Roaring Into Life At Full Gallop: Hermès Arceau Tigre Email Ombrant
In recent years, high-end luxury watch brands have put quite a bit of emphasis on dials decorated with exquisite artistry, with enamel work being particularly popular. One could even almost describe enamel as the new grail material for dials among quality watch marques.
Along with Jaquet Droz and Ulysse Nardin, La Montre Hermès has been on the frontlines of the recent resurgence of this artistic phenomenon involving molten crushed glass. The launch of the Slim d’Hermès Email is a perfect case in point (email is French for “enamel,” not electronic mail).
While enamel appears to have become the new favorite in dial embellishment because it a pure, elegant, eternally lasting, and traditionally linked material, both brands and the enamel artists themselves are always on the lookout for artistic techniques that will differentiate them from their competitors.
Timepieces with rare dials like these can only be produced in extremely limited series.
One of Hermès’ main horological introductions for 2016 originates in the overriding annual theme, which guides all the creations emerging from the whole of Hermès’ company, extending through all 14 product categories. This year’s theme is “nature at full gallop.”
“We have developed artistic pieces depicting wildlife,” Hermès’ artistic director for watches Philippe Delhotel explained. “We were inspired by creations of the very talented Robert Dallet, an artist who worked with Hermès in the 1980s.”
Even though Dallet, who was famous for his renditions of big cats, passed away a few years ago, his work lives on in 2016 within the many horological scenes related to wildlife on this year’s Hermès watch dials – and particularly visible on an Arceau model called Tigre Email Ombrant, whose name refers to a new enamel-and-engraving approach, which was inspired by a lithographic technique that was used in the Limoges region of France according to a patent by French diplomat Baron Paul de Burgoing as of 1841 (for more on that have a look at this short history of lithophanes).
This technique took two full years to adapt for use on a watch dial.
“Émail ombrant is a very particular technique that combines enameling and a special type of engraving that makes almost no sense if enamel is not added to it,” explains Olivier Vaucher, the Geneva-based artist who developed it for use with these dials, creating the exquisite tiger’s head according to an original Dallet drawing.
When Vaucher had the idea to create a watch dial using the email ombrant technique, he knew that it would take considerable time for him to master the process and that there was no guarantee of success in the end . . . so he called Hermès. Together, they chose the motif with which to introduce this technique.
“We first create an engraving according to the principles of lithography. First, porcelain is worked so that its translucence allows light to pass through desired shapes and spaces. Concretely, the thicker the porcelain is, the less it allows light to pass through, creating darker spaces; where it is thinnest we see the light the most, and here it creates brighter shades. All the shaded nuances take place between these two extremes.”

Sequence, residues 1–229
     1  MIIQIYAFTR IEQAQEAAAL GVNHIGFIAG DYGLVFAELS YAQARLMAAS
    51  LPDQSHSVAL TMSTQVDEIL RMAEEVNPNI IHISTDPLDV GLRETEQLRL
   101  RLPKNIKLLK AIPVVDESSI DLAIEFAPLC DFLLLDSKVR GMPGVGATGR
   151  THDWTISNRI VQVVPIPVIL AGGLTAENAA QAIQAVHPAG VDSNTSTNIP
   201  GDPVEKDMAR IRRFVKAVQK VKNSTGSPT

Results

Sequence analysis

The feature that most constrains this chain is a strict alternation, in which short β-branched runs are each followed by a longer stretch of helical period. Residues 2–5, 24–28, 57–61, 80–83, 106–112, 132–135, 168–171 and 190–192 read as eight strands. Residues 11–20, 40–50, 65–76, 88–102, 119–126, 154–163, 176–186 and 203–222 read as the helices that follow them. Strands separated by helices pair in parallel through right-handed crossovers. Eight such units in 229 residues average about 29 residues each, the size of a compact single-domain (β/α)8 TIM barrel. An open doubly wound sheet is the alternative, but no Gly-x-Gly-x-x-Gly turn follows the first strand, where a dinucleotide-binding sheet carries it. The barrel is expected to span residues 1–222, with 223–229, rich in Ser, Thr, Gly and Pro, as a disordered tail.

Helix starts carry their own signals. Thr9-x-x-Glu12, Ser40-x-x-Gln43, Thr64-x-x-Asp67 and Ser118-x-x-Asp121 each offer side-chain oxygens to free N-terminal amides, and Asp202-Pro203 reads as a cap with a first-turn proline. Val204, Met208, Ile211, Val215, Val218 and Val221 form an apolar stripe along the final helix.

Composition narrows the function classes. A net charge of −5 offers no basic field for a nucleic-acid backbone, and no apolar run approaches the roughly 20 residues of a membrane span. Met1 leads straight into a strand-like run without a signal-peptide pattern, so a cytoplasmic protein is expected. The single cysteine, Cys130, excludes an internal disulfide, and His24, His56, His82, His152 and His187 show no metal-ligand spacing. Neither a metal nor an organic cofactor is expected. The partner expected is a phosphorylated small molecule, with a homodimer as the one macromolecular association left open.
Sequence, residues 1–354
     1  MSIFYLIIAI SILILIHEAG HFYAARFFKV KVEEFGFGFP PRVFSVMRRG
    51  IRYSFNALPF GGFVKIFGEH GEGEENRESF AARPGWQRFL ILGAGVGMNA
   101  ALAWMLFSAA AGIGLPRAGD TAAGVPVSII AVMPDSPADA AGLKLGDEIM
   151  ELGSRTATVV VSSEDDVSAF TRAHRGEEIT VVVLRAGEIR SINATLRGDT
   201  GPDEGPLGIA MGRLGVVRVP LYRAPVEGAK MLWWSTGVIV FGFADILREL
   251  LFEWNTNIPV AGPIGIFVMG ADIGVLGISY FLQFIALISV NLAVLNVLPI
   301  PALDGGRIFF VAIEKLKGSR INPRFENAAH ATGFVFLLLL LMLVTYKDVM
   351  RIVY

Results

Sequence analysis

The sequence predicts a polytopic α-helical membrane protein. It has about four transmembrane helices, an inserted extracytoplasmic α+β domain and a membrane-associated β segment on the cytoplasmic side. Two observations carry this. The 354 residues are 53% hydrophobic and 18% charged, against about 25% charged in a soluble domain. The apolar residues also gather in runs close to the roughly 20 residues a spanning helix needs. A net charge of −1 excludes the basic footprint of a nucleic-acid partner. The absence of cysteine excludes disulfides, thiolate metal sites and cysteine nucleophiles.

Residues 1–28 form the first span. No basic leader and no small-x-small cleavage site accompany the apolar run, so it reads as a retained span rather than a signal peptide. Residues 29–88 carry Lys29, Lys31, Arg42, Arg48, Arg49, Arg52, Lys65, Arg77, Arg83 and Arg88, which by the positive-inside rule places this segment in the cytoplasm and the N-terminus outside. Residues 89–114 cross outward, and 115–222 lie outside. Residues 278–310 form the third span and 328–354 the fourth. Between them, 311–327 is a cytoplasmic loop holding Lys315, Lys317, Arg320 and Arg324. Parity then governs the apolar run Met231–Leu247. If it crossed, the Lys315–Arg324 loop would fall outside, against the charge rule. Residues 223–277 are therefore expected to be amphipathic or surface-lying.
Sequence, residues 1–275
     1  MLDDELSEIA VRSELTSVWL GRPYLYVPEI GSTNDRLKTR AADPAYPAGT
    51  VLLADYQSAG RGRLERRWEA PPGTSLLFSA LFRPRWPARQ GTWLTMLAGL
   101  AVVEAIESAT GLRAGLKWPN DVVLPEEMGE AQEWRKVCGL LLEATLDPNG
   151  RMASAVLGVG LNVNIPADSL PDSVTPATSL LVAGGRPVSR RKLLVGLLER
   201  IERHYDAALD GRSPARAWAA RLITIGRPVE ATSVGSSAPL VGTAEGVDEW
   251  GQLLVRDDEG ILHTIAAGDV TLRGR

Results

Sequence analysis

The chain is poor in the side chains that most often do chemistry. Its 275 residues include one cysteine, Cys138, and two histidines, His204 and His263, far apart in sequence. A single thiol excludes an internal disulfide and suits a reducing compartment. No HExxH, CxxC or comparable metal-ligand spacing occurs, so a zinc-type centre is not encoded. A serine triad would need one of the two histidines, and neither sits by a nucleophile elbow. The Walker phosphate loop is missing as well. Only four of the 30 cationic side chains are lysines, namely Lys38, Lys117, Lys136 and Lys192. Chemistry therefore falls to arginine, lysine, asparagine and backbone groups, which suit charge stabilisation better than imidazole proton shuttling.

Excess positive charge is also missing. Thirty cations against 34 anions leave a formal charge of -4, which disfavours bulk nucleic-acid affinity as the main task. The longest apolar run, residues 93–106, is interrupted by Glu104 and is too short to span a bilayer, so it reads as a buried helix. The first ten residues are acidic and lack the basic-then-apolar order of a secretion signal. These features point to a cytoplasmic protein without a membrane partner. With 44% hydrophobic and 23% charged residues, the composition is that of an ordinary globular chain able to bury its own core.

It is easy to see that light plays a central role in this art form. After Vaucher negative-engraves a wax model, biscuit porcelain is poured into it as if it were a mold. By creating this mold, Vaucher is expressing his artistic work in the reverse way that his eye sees it. In other words, he must be able to imagine the variations in the porcelain’s thickness that create the nuances.
Grey enamel is then added, which makes the nuances even more visible: they emerge as lighter and darker hues reflecting off the white gold underneath – turning the tiger into a true work of art in which even the individual hairs of the tiger’s fur and whiskers are even discernible.
“We begin the process of lithography by first engraving the wax on top of a luminous table,” Vaucher continues. “Then we transform it by inverting the volumes to create a type of mold, which serves to make the first dial. Light penetrates the enamel before being reflected off the white gold below it, creating very special reliefs. The higher reliefs let a lot of light pass through, while the lower ones allow less light through. The latter thus remain more ‘shaded’.”
[pullquote align=”full” cite=”” link=”” color=”” class=”” size=””]”Light penetrates the enamel before being reflected off the white gold below it, creating very special reliefs.”[/pullquote]
Vaucher loves to work with both old and new technologies together, utilizing them in the service of beauty, stating, “This is the only way to go beyond what we had in the last century.”
This is the first time that the email ombrant process has been used in watches. “If you want to be original, you have to find a new technique or an interesting design,” Delhotal reiterates.
A close look at the encased dial of the Hermès Arceau Tigre Email Ombrant[/caption]
And design is certainly Hermès’ ace in the hole: all of its compositions are true artistic creations, many of which originate in ideas found in archives and inspired from past creations from any number of the “maison’s” product categories.
Hermès is quite unique in the way that it utilizes the entire breadth of its company to come up with the breathtaking methods and models that grace these collector’s pieces.
The video below by The Watches TV takes the viewer on a tour of Olivier Vaucher’s atelier.
For more information, please visit www.lesailes.hermes.com.
Case: white gold, 41 mm
Dial: white gold with biscuit porcelain and émail ombrant
Functions: hours, minutes
Movement: automatic Hermès Caliber H1837 with 50-hour power reserve
Limitation: 12 pieces
Price: 90,000 Swiss francs